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Inicio Medicina Clínica (English Edition) Relationship between obesity, diabetes and ICU admission in COVID-19 patients
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Vol. 155. Issue 7.
Pages 314-315 (October 2020)
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Vol. 155. Issue 7.
Pages 314-315 (October 2020)
Scientific letter
DOI: 10.1016/j.medcle.2020.06.008
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Relationship between obesity, diabetes and ICU admission in COVID-19 patients
Relación entre obesidad, diabetes e ingreso en UCI en pacientes COVID-19
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Laura Fernández García
Corresponding author
lauferdehierro@gmail.com

Corresponding author.
, Ana Belén Puentes Gutiérrez, María García Bascones
Servicio de Medicina Física y Rehabilitación, Complejo Hospitalario de Toledo, Toledo, Spain
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To the Editor:

Based on initial evidence about this pandemic, the older population and/or those with associated chronic pathology (high blood pressure, diabetes, obesity…) have been identified as being more likely to develop more severe clinical forms of the infection. Obesity as a risk factor and predictor of COVID-19 infection severity is being reported by some studies, but there is still a great lack of evidence. Even so, it has been postulated as an independent risk factor for COVID-19 since it was recognized as such during the 2009 H1N1 pandemic. Our objective is to study the relationship between obesity, the need for oxygen therapy with a reservoir (non-rebreather) mask, and the need for ICU, as well as to analyse the cardiovascular profile of patients who have required hospital admission for COVID-19 pneumonia.

A retrospective and descriptive cohort study of 49 consecutive patients admitted to the Internal Medicine hospital ward for COVID-19 infection at the Toledo Hospital Complex was conducted from 23rd March to 14th April 2020. Variables were collected on cardiovascular disease, need for a reservoir (non-rebreather) mask and admission to the ICU. According to the body mass index (BMI), overweight was defined for values from 25.0 to 29.9 kg/m2 and obesity for BMI >30.0 kg/m2.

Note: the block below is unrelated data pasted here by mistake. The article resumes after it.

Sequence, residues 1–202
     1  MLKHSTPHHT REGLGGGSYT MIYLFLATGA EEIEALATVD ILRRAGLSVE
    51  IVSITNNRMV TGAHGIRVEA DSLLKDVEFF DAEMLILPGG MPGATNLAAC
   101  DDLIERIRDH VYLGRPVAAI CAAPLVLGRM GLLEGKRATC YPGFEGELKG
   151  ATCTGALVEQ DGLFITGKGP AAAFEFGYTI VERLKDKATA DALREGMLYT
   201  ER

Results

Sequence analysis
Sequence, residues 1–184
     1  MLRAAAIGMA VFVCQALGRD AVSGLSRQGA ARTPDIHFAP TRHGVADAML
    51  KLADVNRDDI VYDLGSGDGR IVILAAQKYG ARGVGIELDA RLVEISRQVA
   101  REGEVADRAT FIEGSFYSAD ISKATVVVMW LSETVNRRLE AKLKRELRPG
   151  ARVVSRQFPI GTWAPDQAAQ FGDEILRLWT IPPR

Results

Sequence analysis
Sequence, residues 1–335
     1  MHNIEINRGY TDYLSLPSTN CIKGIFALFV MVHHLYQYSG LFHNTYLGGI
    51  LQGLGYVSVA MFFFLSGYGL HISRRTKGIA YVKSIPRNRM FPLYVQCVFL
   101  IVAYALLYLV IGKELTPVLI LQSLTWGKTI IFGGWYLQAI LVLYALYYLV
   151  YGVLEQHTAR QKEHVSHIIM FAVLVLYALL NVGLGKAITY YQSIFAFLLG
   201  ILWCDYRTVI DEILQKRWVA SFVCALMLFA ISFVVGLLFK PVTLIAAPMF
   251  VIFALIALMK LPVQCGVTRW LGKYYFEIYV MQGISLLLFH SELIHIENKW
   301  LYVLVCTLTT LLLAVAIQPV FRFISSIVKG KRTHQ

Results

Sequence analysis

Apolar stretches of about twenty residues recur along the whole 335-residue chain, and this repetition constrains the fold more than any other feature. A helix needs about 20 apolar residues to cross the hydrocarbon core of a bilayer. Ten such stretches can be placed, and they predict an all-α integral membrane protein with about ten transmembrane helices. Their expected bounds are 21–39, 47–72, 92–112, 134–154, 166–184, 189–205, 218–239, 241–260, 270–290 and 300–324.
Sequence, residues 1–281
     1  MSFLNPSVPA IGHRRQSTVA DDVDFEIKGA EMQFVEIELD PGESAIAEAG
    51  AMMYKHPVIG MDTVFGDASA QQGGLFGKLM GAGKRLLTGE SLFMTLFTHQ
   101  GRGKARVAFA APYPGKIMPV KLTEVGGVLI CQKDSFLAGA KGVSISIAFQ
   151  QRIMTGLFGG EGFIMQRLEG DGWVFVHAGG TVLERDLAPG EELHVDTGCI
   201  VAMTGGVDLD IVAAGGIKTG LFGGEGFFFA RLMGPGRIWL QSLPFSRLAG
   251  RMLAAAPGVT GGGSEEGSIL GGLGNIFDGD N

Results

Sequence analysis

57.14% were male, the mean age was 60.30 years (SD 11.88) and the mean BMI of 28.40 kg/m2 (SD 3.34). 59.2% were overweight and 24.5% were obese. The prevalence of hypertension was 48.98%, that of dyslipidaemia was 38.78% and that of diabetes mellitus was 18.37%. 38.78% required a mask with a reservoir and 28.57% were admitted to the ICU. The mean BMI of the patients who required a reservoir mask was 28.74 kg/m2 (SD 3,169), compared to 28.19 kg/m2 (SD 3.493) in those who did not need it, resulting in a difference of 0.98, with a CI 95% between ↓2.54 and 1.43. Regarding the patients who required admission to the ICU, a mean BMI of 28.16 kg/m2 (SD 3,240) was obtained, compared to 28.50 kg/m2 (SD 3.432) of those who did not require one, resulting in a difference of 1.06, with a  95% CI between ↓1.80 and 2.49. No statistically significant relationship was obtained between the need for a reservoir mask and the variables BMI, hypertension, dyslipidaemia, and diabetes. Regarding the need for admission to the ICU, its association was statistically significant with diabetes mellitus (p = 0.037), but not with the rest of the variables analysed (multivariate analysis).